Surrogacy is reportedly becoming a popular option for well-to-do, childless Armenian couples who desire children. But reconciling the practice with Armenia’s relatively conservative social mores is proving a challenge.
As in all South Caucasus countries, Armenian culture places a heavy emphasis on the need for women to marry and to bear children. In the past, couples who could not have children sometimes asked relatives to bear a child whom they would then adopt. But the practice, though generally accepted, meant that the babies did not carry the DNA of either adoptive parent.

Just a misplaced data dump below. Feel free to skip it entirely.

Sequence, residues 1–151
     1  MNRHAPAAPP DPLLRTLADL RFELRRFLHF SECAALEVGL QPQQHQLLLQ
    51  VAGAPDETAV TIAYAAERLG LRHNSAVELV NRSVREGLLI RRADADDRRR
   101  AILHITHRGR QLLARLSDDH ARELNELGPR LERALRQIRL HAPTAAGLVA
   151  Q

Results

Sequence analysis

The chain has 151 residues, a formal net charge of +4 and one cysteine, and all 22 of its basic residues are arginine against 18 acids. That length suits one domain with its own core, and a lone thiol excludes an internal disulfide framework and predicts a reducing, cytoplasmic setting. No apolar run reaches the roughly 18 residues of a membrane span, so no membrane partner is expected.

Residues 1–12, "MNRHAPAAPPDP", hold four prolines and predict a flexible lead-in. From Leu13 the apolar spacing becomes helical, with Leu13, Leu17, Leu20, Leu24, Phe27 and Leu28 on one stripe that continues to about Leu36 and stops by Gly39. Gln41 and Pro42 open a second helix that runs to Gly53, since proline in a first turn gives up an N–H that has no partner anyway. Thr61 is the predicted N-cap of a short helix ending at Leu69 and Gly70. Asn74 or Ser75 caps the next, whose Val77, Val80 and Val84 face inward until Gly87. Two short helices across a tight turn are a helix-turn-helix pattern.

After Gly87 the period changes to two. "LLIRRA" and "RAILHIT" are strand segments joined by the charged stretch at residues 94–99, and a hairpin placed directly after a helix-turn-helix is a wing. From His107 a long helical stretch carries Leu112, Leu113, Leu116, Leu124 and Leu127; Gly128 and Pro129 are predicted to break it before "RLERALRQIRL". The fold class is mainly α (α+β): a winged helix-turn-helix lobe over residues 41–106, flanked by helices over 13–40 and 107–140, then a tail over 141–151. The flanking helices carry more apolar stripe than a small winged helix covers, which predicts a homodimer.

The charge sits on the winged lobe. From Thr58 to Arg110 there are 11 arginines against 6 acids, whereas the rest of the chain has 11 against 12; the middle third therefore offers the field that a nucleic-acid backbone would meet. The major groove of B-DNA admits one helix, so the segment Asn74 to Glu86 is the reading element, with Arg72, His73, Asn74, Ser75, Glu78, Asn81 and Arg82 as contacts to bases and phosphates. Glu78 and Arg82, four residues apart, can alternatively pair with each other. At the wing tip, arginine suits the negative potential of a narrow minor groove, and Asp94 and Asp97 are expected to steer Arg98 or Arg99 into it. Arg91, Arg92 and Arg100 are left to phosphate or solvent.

Surrogacy, by contrast, lets that bloodline continue, supporters affirm. “I think this is a chance for people who have a big wish to have their own baby,” commented 48-year-old Yerevan homemaker Siranuysh Mamikonian.
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Marianna Grigoryan is a freelance reporter based in Yerevan.